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Poem of the Week
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This year, in honor of National Poetry Month, we compiled some of the best poems published throughout The Atlantic’s 160-year history… and we didn’t want to stop. Come back every week to read another poem from our archives, and go here to check out our month of poetry recommendations from staff and readers.

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Poem of the Day: ‘She’ by Richard Wilbur

In a 1999 interview with The Atlantic, Richard Wilbur—the two-time Pulitzer Prize–winner and former U.S. Poet Laureate—spoke about perfection, translation, and what interviewer Peter Davison referred to as his “lifetime in poetry.” Asked how he was grateful to poetry, Wilbur responded:

I … enjoy being able to do something with the important feelings of my life. I think that to be inarticulate can be a great suffering, and I’m glad that my loves, and my other feelings, have sometimes found their way into poems that fully express them.

From our November 1958 issue, his poem “She,” in which he conjures an ethereal, shape-shifting female spirit:

Tree, temple, valley, prow, gazelle, machine,
More named and nameless than the morning star,
Lovely in every shape, in all unseen,
We dare not wish to find you as you are

Read the full poem here, and go here to discover more of Wilbur’s numerous contributions to The Atlantic—and, perhaps, some of the important feelings of his life.

Pulitzer Prize–winning poet Natasha Trethewey began her two-year tenure as United States Poet Laureate in 2012, becoming the first African American, and the first Southerner, to receive the honor in decades.

In “Articulation,” a poem from our June 2016 issue, Trethewey envisions her recently deceased mother after viewing an 18th-century portrait of Saint Gertrude:

Miguel Cabrera / Dallas Museum of Art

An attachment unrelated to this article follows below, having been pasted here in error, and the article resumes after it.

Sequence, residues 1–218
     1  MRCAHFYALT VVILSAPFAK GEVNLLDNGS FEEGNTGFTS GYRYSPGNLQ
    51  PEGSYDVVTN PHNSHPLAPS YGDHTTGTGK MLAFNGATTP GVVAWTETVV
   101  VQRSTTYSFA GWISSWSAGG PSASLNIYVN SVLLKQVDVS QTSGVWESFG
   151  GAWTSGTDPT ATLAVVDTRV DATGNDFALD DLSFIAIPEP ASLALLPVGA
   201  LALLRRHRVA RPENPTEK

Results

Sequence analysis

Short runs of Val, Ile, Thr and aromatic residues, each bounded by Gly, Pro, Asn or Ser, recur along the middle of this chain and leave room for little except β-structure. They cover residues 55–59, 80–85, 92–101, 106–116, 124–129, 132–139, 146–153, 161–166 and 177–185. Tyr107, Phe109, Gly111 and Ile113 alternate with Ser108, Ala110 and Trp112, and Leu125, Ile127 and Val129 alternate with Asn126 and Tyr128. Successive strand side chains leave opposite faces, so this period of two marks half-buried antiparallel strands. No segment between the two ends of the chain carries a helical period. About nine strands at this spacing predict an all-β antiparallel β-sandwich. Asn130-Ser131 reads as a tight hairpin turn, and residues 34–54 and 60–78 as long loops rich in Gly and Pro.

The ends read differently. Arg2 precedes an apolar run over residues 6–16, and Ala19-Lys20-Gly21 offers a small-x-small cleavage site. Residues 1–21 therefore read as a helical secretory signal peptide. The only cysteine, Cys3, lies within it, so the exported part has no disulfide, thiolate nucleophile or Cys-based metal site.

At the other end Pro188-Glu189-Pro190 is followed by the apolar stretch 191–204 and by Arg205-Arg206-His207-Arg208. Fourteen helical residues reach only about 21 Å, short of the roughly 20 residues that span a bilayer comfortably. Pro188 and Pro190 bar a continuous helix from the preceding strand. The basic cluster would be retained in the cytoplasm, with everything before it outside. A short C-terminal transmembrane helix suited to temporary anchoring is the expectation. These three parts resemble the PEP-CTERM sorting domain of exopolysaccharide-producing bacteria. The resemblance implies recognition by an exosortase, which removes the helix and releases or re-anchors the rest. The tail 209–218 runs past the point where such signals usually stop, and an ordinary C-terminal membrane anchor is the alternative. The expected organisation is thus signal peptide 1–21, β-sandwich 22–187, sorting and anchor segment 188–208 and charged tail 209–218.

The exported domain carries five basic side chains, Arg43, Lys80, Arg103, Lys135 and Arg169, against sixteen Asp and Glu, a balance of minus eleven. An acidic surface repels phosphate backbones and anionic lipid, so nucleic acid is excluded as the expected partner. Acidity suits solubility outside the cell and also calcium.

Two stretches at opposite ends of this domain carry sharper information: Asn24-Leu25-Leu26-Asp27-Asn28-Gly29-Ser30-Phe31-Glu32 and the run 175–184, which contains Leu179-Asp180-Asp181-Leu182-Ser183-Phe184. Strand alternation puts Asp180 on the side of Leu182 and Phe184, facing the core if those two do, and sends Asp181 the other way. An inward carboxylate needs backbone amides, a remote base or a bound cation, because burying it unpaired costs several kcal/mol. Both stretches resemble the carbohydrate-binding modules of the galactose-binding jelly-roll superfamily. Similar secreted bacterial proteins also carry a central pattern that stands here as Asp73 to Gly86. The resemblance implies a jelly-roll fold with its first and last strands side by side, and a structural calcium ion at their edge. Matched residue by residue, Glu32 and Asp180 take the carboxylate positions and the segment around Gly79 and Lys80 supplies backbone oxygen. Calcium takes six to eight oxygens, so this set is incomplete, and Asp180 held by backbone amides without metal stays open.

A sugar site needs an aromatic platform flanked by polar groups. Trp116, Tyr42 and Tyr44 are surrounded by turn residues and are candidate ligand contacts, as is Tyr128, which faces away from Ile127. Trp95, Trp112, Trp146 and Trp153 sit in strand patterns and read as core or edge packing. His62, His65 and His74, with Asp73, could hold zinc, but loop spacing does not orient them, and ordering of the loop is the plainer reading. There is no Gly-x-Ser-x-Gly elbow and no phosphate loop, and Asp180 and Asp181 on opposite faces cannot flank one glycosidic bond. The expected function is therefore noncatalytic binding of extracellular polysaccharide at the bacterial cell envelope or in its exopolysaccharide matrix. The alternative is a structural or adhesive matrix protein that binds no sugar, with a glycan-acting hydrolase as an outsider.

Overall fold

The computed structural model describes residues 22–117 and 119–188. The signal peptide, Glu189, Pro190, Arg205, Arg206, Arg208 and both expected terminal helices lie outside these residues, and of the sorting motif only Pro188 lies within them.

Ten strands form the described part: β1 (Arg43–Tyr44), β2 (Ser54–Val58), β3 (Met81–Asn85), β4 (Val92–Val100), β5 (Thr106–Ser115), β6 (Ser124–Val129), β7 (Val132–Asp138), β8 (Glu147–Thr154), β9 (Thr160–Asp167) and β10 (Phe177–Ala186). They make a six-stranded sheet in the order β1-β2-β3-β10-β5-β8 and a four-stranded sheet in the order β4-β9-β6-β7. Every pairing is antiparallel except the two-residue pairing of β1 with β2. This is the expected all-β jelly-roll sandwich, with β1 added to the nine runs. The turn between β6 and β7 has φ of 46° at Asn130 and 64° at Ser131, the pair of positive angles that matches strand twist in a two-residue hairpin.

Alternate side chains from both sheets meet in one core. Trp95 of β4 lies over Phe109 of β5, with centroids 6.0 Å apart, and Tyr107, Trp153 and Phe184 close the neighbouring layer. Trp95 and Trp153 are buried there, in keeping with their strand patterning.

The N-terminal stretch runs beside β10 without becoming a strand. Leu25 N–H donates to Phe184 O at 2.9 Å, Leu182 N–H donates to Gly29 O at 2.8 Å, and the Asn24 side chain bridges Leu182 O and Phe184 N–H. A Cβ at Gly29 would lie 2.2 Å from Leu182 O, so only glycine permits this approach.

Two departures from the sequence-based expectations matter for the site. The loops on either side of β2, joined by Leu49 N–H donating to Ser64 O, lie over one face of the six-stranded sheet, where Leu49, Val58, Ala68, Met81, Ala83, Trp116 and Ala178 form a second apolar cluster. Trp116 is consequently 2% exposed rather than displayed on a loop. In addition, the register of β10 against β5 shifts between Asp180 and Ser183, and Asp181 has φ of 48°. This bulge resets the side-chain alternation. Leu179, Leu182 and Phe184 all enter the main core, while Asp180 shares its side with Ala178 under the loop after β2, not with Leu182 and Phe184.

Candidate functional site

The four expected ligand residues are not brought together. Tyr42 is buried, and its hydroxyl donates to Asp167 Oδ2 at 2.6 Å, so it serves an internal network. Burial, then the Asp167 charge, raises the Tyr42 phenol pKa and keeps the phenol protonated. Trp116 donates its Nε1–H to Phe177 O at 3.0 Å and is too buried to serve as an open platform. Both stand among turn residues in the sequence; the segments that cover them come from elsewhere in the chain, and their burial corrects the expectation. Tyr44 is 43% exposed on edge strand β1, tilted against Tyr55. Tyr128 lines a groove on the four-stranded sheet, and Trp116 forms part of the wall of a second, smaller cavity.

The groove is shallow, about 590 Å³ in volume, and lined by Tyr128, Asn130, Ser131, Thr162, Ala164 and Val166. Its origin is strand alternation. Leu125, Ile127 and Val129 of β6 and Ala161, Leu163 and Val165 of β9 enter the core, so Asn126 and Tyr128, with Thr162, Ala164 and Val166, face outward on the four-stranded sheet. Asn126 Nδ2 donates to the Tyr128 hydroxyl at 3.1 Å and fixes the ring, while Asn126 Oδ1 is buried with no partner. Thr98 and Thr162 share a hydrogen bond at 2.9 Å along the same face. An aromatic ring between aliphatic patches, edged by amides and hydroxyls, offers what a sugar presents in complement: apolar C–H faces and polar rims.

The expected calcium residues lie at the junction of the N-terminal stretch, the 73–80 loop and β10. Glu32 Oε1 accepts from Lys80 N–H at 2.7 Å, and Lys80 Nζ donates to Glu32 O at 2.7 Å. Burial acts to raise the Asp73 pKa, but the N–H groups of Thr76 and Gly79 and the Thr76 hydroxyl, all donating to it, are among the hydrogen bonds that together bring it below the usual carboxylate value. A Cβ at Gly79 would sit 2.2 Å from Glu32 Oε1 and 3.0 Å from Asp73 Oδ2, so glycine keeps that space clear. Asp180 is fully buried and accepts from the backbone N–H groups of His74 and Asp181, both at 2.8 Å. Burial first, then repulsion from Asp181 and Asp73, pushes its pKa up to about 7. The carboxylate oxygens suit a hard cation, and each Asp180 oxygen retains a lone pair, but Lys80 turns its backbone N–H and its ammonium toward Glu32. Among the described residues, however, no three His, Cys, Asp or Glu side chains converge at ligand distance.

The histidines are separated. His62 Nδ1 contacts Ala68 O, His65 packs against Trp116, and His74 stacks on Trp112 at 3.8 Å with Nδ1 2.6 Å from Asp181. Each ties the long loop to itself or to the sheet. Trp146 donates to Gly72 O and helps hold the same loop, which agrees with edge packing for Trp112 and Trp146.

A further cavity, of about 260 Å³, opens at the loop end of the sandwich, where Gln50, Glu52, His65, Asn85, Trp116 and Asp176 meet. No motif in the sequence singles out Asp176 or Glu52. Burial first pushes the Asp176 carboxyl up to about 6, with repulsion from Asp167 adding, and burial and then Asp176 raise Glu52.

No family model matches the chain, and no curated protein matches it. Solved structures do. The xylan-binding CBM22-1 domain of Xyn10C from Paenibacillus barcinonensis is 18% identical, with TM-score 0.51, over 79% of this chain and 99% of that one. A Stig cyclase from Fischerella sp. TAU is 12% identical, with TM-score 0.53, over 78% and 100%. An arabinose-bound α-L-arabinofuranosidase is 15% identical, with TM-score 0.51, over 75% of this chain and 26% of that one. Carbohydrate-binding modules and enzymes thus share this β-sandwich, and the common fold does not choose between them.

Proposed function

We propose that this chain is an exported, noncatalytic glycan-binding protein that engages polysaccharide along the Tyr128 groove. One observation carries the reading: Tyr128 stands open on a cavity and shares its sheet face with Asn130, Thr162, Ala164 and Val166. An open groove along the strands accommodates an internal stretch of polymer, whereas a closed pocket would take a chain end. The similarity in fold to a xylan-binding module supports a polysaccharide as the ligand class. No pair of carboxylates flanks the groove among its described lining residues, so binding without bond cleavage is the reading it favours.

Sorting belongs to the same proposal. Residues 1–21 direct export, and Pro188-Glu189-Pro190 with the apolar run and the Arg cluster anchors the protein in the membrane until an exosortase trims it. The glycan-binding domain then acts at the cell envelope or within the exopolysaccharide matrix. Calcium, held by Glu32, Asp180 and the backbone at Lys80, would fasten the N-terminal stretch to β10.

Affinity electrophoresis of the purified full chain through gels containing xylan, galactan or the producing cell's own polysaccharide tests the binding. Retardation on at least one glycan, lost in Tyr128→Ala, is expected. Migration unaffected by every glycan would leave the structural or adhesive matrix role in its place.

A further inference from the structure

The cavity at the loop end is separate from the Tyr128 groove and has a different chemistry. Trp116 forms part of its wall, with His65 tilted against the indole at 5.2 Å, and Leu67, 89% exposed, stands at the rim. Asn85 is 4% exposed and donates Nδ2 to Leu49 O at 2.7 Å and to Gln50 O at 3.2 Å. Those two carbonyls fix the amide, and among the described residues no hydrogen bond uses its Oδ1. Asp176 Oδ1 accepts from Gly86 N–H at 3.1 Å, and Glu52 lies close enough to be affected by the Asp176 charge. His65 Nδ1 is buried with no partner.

How not to see, in the saint’s image,
my mother’s last portrait—the dark backdrop,

her dress black as a habit, the bright edge
of her afro ringing her face with light? And how

not to recall her many wounds: ring finger
shattered, her ex-husband’s bullet finding

her temple, lodging where her last thought lodged?

Read the full poem here, and read about how Trethewey wrote her father’s “Elegy” here.

This week marks 157 years since Walt Whitman’s poetry first appeared in The Atlantic.

Library of Congress

Now celebrated as “America’s Bard” and read widely as one of the country’s most popular poets, Whitman first reached out to Atlantic co-founder Ralph Waldo Emerson from creative obscurity. In 1855 he sent Emerson a copy of his recently self-published poetry collection, Leaves of Grass, in hopes of expanding his readership. Though Emerson responded with a note of praise—which Whitman, to Emerson’s dismay, circulated in the press and even published in an expanded version of the collection—Leaves of Grass failed to garner widespread attention.

Whitman’s next contact with The Atlantic resulted in the publication of “Bardic Symbols” (later reprinted under the title “As I Ebb’d With the Ocean of Life”) in 1860—though James Russell Lowell omitted two lines that he considered overly graphic. In the poem, Whitman responded to his would-be readers’ disinterest with melancholy self-reflection:

As I wend the shores I know not,
As I listen to the dirge, the voices of men and woman wrecked,
As I inhale the impalpable breezes that set in upon me,
As the ocean so mysterious rolls toward me closer and closer,
At once I find, the least thing that belongs to me, or that I see or
         touch, I know not;
I, too, but signify a little washed-up drift,—a few sands and dead
         leaves to gather,
Gather, and merge myself as part of the leaves and drift.

Luckily for Whitman, this period of creative frustration did not last.